Basel can welcome back Marcelo Diaz, Park Joo-Ho and Phillip Degen from suspension and all three are likely to come in for the second leg against Tottenham. Murat Yakin will have to choose between the 4-2-3-1 shape that succeeded in securing an impressive 2-2 draw at White Hart Lane or reverting to a more conservative 4-1-2-3 shape.
In contrast Tottenham are currently struggling with injuries, most notably to star man Gareth Bale, although the loss of Aaron Lennon is equally destabilising. Andre Villas-Boas’ lack of wide options means a narrow trio of Gylfi Sigurdsson, Lewis Holtby and Clint Dempsey behind Emmanuel Adebayor. In defence Villas-Boas has a dilemma – does he persist with selecting Benoit Assou-Ekotto at full back, when Jan Vertonghen has looked so dangerous going forward in the Premier League or leave the Belgian at centre back alongside Michael Dawson? A similar problem may be in goal. Villas-Boas has remained loyal to Brad Friedel through the Europa League campaign, but as Tottenham reach the business end of the competition there must be an urge to start selecting the impressive Hugo Lloris.
Anybody who remembers Basel’s impressive displays in the Champions League against Manchester United a few years ago will understand what an accomplished side they are, and Tottenham face a tough ask if they are to advance… (Read more)
Daniel Sturridge’s return from injury gives Brendan Rodgers a dilemma given the potency of Liverpool’s forward line against Wigan. Luis Suarez’s hat-trick strengthens his claim to the central berth, although Rodgers will argue that the Uruguayan has been equally dangerous from deeper, wider positions. Both Philippe Coutinho and Stewart Downing also performed well, and will be difficult to drop. Rodgers is likely to choose between including Sturridge in his usual front three, probably at the expense of Coutinho, or switching to a 4-4-2 variation with Suarez and Sturridge through the middle. However given the threat of Gareth Bale for Tottenham Rodgers is likely to want to keep an extra man in midfield, so a 4-1-2-3 seems the likeliest option.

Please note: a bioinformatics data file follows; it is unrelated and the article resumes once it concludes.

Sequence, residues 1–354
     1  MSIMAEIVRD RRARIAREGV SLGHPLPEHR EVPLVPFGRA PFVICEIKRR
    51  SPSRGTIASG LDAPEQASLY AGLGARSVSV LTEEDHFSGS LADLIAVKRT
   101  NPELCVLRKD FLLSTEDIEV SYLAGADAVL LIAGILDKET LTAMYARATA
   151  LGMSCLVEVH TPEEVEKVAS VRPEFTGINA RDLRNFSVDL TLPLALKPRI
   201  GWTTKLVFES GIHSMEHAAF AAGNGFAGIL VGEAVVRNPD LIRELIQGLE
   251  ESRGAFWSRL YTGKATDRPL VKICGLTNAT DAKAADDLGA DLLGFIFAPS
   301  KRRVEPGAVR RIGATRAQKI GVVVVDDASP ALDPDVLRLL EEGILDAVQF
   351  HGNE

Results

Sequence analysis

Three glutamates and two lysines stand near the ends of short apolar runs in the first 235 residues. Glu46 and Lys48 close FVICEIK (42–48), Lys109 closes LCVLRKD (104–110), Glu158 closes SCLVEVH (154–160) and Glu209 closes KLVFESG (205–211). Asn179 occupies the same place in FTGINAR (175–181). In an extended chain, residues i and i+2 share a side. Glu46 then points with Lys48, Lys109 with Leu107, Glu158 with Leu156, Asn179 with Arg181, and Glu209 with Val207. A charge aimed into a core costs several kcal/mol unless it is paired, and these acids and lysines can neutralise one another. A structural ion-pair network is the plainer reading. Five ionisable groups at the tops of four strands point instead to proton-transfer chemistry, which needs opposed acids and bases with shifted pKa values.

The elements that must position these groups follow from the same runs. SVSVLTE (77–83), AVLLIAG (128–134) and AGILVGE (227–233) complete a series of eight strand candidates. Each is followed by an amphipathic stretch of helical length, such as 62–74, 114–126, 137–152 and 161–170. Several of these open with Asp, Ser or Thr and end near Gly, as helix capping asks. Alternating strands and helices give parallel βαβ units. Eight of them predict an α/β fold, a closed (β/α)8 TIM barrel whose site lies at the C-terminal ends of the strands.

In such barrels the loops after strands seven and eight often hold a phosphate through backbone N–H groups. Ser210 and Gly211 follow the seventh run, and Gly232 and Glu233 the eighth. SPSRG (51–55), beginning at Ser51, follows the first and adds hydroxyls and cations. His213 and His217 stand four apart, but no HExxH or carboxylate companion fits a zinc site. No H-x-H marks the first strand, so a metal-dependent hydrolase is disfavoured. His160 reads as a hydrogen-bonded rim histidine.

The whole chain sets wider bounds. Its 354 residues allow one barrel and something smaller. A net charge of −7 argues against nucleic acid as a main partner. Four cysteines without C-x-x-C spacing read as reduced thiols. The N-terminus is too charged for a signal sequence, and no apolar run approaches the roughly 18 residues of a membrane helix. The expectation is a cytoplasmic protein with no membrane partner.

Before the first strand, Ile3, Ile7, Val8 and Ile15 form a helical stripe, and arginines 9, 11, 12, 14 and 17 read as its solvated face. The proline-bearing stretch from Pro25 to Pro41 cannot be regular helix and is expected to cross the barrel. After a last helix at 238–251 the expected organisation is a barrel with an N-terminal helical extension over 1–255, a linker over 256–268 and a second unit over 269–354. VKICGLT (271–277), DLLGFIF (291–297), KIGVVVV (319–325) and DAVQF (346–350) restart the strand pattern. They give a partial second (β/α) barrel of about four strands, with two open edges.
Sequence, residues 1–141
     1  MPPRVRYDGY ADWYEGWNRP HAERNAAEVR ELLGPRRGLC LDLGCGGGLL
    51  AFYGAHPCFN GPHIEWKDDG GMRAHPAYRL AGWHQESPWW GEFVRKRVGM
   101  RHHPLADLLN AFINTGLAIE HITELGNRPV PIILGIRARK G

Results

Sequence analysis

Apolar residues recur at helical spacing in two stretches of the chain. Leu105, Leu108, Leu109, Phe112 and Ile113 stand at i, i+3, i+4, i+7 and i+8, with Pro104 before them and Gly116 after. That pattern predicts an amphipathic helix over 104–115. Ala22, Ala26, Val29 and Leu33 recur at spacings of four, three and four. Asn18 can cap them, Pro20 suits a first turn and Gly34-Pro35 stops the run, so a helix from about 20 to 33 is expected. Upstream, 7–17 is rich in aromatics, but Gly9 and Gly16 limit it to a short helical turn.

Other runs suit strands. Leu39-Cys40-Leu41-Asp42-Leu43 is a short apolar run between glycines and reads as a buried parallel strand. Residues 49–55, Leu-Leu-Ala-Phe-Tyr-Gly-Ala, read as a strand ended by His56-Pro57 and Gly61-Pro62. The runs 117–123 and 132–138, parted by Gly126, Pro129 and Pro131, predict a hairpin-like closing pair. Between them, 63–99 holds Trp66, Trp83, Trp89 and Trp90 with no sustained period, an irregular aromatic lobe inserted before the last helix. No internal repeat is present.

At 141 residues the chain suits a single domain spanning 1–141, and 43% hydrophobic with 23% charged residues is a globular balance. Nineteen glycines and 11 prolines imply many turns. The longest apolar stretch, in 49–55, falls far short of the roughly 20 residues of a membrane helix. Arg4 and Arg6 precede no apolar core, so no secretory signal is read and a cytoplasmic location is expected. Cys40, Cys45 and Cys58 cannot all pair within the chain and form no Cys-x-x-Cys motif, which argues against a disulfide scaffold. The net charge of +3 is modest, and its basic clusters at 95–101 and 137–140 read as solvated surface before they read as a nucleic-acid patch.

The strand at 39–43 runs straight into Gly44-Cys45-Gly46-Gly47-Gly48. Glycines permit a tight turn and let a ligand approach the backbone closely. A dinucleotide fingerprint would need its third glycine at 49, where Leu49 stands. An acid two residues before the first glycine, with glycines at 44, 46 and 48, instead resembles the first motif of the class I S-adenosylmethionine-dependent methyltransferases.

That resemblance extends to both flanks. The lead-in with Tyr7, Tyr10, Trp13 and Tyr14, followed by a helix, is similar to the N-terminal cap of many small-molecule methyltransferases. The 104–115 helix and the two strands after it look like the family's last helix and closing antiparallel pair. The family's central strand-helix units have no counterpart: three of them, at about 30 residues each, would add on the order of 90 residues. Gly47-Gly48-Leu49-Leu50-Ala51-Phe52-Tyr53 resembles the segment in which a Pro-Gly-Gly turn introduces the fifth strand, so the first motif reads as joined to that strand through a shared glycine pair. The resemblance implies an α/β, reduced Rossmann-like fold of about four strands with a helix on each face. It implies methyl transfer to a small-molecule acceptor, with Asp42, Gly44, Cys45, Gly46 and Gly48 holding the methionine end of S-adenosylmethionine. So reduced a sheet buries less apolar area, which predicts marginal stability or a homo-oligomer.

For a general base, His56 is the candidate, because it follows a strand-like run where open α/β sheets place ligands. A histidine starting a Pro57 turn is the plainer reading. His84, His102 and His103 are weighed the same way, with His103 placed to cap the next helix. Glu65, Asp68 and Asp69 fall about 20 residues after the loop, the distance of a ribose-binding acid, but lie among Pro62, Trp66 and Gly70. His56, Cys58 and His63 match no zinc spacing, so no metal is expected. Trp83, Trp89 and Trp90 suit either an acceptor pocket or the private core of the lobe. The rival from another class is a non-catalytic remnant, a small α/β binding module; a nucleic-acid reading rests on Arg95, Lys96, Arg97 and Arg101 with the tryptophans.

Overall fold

Tottenham’s impressive victory over Arsenal last weekend will have increased their confidence further and Bale, and his teammates, have adapted well to the Welshman’s new central role. Jermain Defoe’s return after a long absence will be a relief to Andre Villas-Boas, who must be getting worried about Emmanuel Adebayor’s lack of form. Elsewhere Lewis Holtby and Gylfi Sigurdsson will compete for the left midfield role – Sigurdsson was solid against Arsenal and supplied Bale for the first goal, but Villas-Boas probably still identifies Holtby as a longer term solution. Despite the manager rotating his defence throughout the campaign, Jan Vertonghen and Michael Dawson’s excellent performances against Arsenal may suggest a first choice partnership has been found.
Contrary to popular belief it is Liverpool that come into this game in free-scoring form, having scored three or more goals in 7 of their last 13 league games. In contrast Tottenham haven’t won a league game by more than one goal since the 1st of January… (Read more)
Tottenham have now been competing on a similar level to their North London rivals for a few years now, but they have yet to secure a convincing victory in a league game. In fact Arsenal have often come into these games as the team under pressure and left with a sizable victory. The last two league meetings, both at the Emirates, are excellent examples – Tottenham taking an early lead and looking exert their authority before capitulating and losing both games 5-2. Ultimately, while performances have led to many declaring Tottenham as having usurped Arsenal as North London’s best, the derby matches often show Arsene Wenger’s side as being better equipped to perform under pressure.